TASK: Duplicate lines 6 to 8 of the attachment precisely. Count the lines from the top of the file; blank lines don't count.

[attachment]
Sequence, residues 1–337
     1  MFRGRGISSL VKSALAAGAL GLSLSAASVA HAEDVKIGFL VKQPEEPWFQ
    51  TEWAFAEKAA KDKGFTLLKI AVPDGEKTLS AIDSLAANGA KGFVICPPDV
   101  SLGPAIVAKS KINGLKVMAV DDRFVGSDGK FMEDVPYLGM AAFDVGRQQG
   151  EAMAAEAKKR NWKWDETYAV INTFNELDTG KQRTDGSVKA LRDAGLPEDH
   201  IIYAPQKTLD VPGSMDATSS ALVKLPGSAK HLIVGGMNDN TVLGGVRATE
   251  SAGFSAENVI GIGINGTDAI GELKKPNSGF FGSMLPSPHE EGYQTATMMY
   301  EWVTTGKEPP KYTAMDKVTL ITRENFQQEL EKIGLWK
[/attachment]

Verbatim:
   201  IIYAPQKTLD VPGSMDATSS ALVKLPGSAK HLIVGGMNDN TVLGGVRATE
   251  SAGFSAENVI GIGINGTDAI GELKKPNSGF FGSMLPSPHE EGYQTATMMY
   301  EWVTTGKEPP KYTAMDKVTL ITRENFQQEL EKIGLWK